The Plague-Ground – If you’re feeling anxious, join the herd

The pandemic has taught me you don’t have to be facing a fist or a pistol in order to feel threatened. You don’t have to face eviction or lose your job or your clients.

You don’t even have to be on a respirator, or just be old.

All you have to feel is a change in your routine. Change alone is enough to turn things upside down.

This is a hard reality to get used to. After all, the chance to sit at home with our family, reading books, streaming movies and cooking up a storm, is one of our official Fantasy Lives™.  Surely, we should be feeling fulfilled instead of oddly empty.

It’s also hard to square a distant change with a present threat. If I just steer clear of people (and wash my hands), the virus won’t be coming for me. I know this; I just don’t feel it.

I’m also not facing a road bomb in Afghanistan. I don’t have a ‘right’ to feel PTSD. But I sure do flare up over nothing, much more than before. My anxiety consists of forgetting things instantly, of getting gobs of sleep yet always feeling tired, of viewing every task like a summit of Mt. Everest.

So why do I feel this way? And why can’t I think my way out of what I feel? More to the point, why do so many friends feel the same way?

I think it’s because this pandemic has got inside virtually everybody on earth.

Never before has one thing shaken almost everyone. This is trauma on a global scale. So just as some countries assumed that if you travelled abroad, you were by definition infected with COVID-19, I think we might all assume that if you’re a living, sentient human, your psyche has been infected with anxiety that’s hard to pin down right now, but like the virus that sparked it, will reveal itself soon for all to see and deal with.

For years, various experts have been screaming that Canada faces a mental health crisis. Spotty service, people falling between the cracks and duelling treatments have made having a mental illness often more risky than a physical one.

But now…..now that the baseline for most of Canada’s 38 million people is a kind of free-floating anxiety, I think we’ll face a crisis in mental illness that will finally force us to stop avoiding and underfunding the very affliction so many of us share.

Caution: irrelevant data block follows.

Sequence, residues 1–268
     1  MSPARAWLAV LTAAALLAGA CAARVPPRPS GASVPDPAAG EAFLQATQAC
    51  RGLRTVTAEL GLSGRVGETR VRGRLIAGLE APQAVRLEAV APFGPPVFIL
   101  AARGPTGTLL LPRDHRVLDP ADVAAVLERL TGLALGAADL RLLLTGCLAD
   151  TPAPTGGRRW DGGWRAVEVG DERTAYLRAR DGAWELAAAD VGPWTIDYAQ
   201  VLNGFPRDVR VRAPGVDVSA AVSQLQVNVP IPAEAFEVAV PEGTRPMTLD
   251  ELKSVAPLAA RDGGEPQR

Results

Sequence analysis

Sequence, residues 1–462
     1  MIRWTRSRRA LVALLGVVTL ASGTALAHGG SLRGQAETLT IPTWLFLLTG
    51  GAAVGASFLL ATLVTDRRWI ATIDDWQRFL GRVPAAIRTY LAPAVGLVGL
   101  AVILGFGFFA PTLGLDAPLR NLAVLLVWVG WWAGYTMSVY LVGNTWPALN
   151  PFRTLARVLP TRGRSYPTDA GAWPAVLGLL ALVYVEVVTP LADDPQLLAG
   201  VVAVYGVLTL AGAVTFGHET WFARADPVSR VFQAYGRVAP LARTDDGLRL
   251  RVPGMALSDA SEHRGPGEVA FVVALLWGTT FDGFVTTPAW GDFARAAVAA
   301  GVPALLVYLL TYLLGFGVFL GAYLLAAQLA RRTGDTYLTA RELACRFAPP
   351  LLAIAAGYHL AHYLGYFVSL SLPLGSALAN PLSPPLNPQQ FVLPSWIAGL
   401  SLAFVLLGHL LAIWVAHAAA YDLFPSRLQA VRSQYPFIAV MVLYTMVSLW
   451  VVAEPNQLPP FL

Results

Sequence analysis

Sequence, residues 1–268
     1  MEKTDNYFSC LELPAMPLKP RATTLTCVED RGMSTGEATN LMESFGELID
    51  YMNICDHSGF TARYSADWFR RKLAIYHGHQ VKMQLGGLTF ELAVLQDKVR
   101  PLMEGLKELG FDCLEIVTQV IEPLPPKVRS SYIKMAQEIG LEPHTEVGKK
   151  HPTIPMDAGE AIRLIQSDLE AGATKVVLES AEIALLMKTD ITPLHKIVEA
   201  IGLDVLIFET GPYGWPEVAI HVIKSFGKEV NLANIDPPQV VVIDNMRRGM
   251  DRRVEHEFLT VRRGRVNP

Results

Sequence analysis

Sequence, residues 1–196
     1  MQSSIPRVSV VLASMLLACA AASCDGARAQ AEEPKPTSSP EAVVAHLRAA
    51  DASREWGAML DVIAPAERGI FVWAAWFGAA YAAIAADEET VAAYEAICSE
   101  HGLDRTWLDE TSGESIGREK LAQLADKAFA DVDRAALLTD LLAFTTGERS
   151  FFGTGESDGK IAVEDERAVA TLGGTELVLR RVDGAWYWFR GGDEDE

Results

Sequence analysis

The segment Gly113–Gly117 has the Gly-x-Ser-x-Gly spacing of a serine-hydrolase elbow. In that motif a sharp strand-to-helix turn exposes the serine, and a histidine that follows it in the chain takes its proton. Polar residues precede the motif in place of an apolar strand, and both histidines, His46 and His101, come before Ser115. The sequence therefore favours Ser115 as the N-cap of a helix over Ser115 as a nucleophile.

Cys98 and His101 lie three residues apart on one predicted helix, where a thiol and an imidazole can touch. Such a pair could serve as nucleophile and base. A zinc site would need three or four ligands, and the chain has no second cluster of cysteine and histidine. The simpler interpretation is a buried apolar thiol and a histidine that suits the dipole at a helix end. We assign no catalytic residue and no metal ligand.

I’m not saying anxiety is a mental illness. I am saying when an entire population is even holding on to the spectrum of mental illness by the tiniest of fingernails, it’s time we gave this affliction the respect it deserves.

The Internet is awash in advice on how to stay calm and carry on.

But something arrived out of the blue last night that I’m going to paste to my computer screen, and I urge you to do the same:

  1. You are not “working from home,” you are “at your home, during a crisis, trying to work.”
  1. Your personal physical, mental and emotional health is far more important than anything else right now.
  1. You should not try to compensate for lost productivity by working longer hours.
  1. You will be kind to yourself and not judge how you are coping based on how others are coping.
  1. You will be kind to others and not judge how they are coping based on how you are coping.

How real is all this? Well, yesterday, KidsHelpPhone expanded its services to… adults.

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Get your tickets to the May 14th RamsayTalks Online with Jared Diamond.

10 replies
  1. Avatar
    Carolyn Everson says:

    Spot on Bob – as always. And as a Board member thanks for the shout out for Kids Help Phone.

    Reply
  2. Avatar
    Louise says:

    High anxiety!
    Those five points are to the point and excellent points to consider, to remember, to remind oneself regularly. Cut ourselves some slack.
    When this is all over, and hopefully it will be all over, one day, wouldn’t it be a good thing to know that we learned something from it: kindness, cleanliness, how to adapt, what it takes to survive and to know we did the best we could.

    Reply
  3. Avatar
    Marc Spivak says: